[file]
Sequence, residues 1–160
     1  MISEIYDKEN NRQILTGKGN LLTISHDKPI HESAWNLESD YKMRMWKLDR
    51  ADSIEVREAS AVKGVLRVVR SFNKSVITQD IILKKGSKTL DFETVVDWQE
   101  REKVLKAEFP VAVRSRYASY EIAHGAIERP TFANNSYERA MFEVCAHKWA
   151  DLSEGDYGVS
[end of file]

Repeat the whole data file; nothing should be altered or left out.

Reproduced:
Sequence, residues 1–160
     1  MISEIYDKEN NRQILTGKGN LLTISHDKPI HESAWNLESD YKMRMWKLDR
    51  ADSIEVREAS AVKGVLRVVR SFNKSVITQD IILKKGSKTL DFETVVDWQE
   101  REKVLKAEFP VAVRSRYASY EIAHGAIERP TFANNSYERA MFEVCAHKWA
   151  DLSEGDYGVS